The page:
Welcome to the Fifth Estate is officially available for purchase today. What better way to kick things off than a video from Mashable Editor in Chief and author of the book’s introduction Adam Ostrow?

In this short two minute video Adam expands on a couple of trends discussed in the introduction:

  • What the rise of Netflix and other online video players means to the traditional broadcast and cable marketplace
  • How portable identity differentiated Facebook and Twitter, and whether there’s any room for competition
  • Why tablets (and smartphones) have changed everything

Some of the themes that resounded from Adam’s introduction (listen to it via podcast) and interview included the rapidly moving media marketplace we are living in. Seeing independent and upstart video content replace traditional channels is amazing. We are experiencing a sea change in distribution. One has to wonder if any of the major video brands from the broadcast and cable eras will succumb to the new wave. Certainly the NBC/Comcast consolidation is a great example of this.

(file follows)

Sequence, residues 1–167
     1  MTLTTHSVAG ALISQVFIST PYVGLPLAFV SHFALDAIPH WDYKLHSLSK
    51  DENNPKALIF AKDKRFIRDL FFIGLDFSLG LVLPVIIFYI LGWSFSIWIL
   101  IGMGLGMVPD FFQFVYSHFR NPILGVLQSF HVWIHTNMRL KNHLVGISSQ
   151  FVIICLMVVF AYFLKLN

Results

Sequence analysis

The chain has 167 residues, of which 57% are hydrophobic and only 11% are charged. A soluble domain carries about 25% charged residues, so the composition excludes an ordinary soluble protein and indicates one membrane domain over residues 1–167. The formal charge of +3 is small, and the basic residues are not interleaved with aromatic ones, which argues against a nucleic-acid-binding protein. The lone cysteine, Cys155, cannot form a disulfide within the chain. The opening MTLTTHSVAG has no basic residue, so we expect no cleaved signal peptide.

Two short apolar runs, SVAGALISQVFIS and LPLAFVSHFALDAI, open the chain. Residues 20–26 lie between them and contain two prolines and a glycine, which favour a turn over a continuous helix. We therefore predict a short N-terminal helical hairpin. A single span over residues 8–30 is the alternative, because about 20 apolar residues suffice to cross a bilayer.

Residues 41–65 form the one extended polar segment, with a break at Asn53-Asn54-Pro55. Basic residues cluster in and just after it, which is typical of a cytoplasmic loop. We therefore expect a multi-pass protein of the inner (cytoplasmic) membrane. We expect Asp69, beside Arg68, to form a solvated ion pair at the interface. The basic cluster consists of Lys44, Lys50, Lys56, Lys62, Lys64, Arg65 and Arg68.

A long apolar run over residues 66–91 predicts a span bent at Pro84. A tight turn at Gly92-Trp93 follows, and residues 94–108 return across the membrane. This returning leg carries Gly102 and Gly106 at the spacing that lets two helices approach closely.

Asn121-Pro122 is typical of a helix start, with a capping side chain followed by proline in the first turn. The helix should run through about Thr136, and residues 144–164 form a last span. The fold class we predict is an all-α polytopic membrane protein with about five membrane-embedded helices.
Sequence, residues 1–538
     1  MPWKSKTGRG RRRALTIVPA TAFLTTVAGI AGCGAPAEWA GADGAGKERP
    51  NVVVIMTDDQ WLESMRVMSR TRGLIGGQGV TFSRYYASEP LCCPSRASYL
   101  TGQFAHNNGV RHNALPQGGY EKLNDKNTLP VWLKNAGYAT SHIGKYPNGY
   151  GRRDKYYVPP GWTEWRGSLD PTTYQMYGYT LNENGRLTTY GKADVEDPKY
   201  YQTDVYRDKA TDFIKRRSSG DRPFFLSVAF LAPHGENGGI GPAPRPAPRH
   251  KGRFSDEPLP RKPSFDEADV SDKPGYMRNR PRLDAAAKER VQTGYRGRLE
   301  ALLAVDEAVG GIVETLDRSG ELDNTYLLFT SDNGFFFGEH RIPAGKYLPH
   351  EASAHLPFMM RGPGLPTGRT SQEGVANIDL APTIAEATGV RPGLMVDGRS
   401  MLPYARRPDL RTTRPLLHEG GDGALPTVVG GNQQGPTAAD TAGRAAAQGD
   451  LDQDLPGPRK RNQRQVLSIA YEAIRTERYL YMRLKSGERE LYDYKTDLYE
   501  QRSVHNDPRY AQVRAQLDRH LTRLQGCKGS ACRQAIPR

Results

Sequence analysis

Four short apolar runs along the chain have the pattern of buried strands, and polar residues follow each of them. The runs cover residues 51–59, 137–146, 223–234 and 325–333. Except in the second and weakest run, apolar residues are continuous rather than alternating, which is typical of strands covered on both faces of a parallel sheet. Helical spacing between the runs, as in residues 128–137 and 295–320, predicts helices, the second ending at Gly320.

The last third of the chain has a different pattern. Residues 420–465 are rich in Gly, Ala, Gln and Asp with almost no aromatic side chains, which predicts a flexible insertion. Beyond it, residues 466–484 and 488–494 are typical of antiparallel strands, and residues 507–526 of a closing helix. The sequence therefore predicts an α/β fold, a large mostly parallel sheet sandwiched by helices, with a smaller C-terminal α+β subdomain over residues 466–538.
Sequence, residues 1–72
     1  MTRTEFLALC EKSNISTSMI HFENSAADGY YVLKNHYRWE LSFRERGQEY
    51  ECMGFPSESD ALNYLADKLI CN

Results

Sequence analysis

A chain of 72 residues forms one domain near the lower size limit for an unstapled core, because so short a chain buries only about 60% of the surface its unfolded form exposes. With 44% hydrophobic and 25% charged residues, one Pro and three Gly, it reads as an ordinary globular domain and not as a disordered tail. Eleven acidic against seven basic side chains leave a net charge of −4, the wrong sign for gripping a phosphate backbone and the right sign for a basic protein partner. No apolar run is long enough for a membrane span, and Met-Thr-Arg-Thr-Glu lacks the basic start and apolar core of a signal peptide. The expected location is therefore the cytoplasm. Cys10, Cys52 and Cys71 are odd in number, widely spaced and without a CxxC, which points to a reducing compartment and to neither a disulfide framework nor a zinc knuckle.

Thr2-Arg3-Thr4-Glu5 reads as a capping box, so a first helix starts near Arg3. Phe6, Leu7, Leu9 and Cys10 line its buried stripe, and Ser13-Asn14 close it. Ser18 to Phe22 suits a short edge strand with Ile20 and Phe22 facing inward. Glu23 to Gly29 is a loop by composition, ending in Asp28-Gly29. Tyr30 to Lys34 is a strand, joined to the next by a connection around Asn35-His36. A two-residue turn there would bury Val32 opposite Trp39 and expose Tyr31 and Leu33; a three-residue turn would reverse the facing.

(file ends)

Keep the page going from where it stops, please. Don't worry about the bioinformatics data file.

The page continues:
Further, as Adam mentioned (in response to a question about the Flip cameras and iPhones) the smartphone revolution has really produced convergence. As multifunction continues to evolve and more content is not only possible but enjoyable on converged portable devices, social media is falling behind other forms of entertainment like gaming and video. It is in essence, as Adam said, becoming a layer on top other media forms.

If you are interested in the book, some early reviews have been posted. So far people are giving the Fifth Estate a strong thumbs up. Please be advised that there have been some supply and demand issues, and that the Kindle edition should be available in the next couple of weeks.

Anatomy of a Great PR Pitch

Stephen Strasburg Delivers

When I woke up this morning the following pitch was waiting for me in my email…

Hi Geoff –

I hope all is well. I’m a fan of your writing and share the same area of focus. I started Pinkdingo.com, which we launched in Beta form in March and are now overhauling with a very specific focus that will differentiate us (and our value-add for charities) quite substantially in a pretty crowded field (online fundraising).

Also, it looks like we have the same taste in motorcycles (see below)….